Players and their respective teams went to 14 arbitration hearings leading up to spring training, the most 2001. There were only three hearings last season and none the year prior.
Players won six cases and lost eight, following the trend that hearings have slightly favored teams historically. The six players who won:
- Pedro Alvarez, Pirates: $5.75 million (team filed for $5.25 million)
- Jerry Blevins, Nationals: $2.4 million (team filed for $2.2 million)
- Mike Minor, Braves: $5.6 million (team filed for $5.1 million)
- Mark Trumbo, Diamondbacks: $6.9 million (team filed for $5.3 million)
- Danny Valencia, Blue Jays: $1.675 million (team filed for $1.25 million)
- Vance Worley, Pirates: $2.45 million (team filed for $2 million)
The eight who lost their cases:
- Alejandro De Aza, Orioles: $5 million (player filed for $5.65 million)
- Josh Donaldson, Blue Jays: $4.3 million (player filed for $5.75 million)
- Mat Latos, Marlins: $9.4 million (player filed for $10.4 million)
- Jarrod Parker, Athletics: $850,000 (player filed for $1.7 million)
- David Phelps, Marlins: $1.4 million (player filed for $1.875 million)
- Wilin Rosario, Rockies: $2.8 million (player filed for $3.3 million)
- Neil Walker, Pirates: $8.0 million (player filed for $9.0 million)
- Tom Wilhelmsen, Mariners: $1.4 million (player filed for $2.2 million)
As Jon Heyman of CBS Sports notes, it seems that the cases tended to favor players coming off of disappointing or injury-shortened seasons (e.g. Minor and Trumbo) while productive, established players (e.g. Donaldson and Latos) tended to lose.
The Los Angeles Times reports that federal agents have interviewed at least six current and former Angels players as part of their investigation into the death of Angels pitcher Tyler Skaggs.
Among the players questioned: Andrew Heaney, Noé Ramirez, Trevor Cahill, and Matt Harvey. An industry source tells NBC Sports that the interviews by federal agents are part of simultaneous investigations into Skaggs’ death by United States Attorneys in both Texas and California.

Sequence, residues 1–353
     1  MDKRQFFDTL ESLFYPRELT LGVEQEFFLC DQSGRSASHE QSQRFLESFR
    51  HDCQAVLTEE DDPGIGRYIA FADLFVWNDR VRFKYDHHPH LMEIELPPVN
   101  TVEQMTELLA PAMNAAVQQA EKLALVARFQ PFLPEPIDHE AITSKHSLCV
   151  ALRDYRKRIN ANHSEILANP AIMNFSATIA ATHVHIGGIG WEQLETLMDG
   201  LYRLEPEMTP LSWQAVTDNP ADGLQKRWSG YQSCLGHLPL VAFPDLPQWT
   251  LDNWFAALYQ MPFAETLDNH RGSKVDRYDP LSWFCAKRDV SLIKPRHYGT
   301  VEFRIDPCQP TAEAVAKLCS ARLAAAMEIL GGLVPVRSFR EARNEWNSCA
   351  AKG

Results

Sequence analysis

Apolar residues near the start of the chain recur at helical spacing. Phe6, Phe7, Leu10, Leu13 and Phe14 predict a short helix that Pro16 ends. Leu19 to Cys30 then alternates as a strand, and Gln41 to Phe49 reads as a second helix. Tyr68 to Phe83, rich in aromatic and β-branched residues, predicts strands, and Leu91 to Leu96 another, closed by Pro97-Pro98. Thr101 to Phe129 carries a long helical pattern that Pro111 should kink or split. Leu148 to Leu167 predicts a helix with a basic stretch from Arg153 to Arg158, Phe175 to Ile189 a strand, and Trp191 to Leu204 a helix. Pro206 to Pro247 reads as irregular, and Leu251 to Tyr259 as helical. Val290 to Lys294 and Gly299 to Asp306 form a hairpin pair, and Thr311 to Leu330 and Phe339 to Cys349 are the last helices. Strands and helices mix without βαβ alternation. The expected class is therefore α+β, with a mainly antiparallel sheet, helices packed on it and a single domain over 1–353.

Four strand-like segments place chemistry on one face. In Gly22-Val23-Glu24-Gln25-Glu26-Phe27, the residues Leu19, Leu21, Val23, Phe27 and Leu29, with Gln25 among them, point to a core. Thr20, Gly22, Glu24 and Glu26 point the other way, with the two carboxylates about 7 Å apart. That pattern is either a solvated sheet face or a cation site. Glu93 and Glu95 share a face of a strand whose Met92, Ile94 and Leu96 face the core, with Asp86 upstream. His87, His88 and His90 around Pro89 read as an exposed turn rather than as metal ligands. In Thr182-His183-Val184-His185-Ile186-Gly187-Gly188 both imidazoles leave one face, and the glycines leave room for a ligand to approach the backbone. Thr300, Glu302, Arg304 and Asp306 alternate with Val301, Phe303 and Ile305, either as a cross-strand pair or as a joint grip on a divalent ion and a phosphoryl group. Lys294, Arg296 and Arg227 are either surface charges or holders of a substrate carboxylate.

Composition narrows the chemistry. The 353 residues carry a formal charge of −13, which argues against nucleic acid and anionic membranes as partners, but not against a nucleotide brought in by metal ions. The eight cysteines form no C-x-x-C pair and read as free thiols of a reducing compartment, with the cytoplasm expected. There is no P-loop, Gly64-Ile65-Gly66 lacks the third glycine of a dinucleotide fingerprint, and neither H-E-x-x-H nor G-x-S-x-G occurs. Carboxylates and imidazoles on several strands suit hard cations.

There has been no suggestion that the players are under criminal scrutiny or are suspected of using opioids. Rather, they are witnesses to the ongoing investigation and their statements have been sought to shed light on drug use by Skaggs and the procurement of illegal drugs by him and others in and around the club.
Skaggs asphyxiated while under the influence of fentanyl, oxycodone, and alcohol in his Texas hotel room on July 1. This past weekend, ESPN reported that Eric Kay, the Los Angeles Angels’ Director of Communications, knew that Skaggs was an Oxycontin addict, is an addict himself, and purchased opioids for Skaggs and used them with him on multiple occasions. Kay has told DEA agents that, apart from Skaggs, at least five other Angels players are opioid users and that other Angels officials knew of Skaggs’ use. The Angels have denied Kay’s allegations.
In some ways this all resembles what happened in Pittsburgh in the 1980s, when multiple players were interviewed and subsequently called as witnesses in prosecutions that came to be known as the Pittsburgh Drug Trials. There, no baseball players were charged with crimes in connection with what was found to be a cocaine epidemic inside Major League clubhouses, but their presence as witnesses caused the prosecutions to be national news for weeks and months on end.